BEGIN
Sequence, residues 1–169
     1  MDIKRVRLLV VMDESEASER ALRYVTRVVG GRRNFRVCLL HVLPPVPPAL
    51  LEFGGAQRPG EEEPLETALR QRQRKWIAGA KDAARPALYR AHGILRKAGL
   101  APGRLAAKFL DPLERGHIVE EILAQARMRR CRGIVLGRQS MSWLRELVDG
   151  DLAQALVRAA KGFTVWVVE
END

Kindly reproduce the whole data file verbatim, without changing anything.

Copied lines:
Sequence, residues 1–169
     1  MDIKRVRLLV VMDESEASER ALRYVTRVVG GRRNFRVCLL HVLPPVPPAL
    51  LEFGGAQRPG EEEPLETALR QRQRKWIAGA KDAARPALYR AHGILRKAGL
   101  APGRLAAKFL DPLERGHIVE EILAQARMRR CRGIVLGRQS MSWLRELVDG
   151  DLAQALVRAA KGFTVWVVE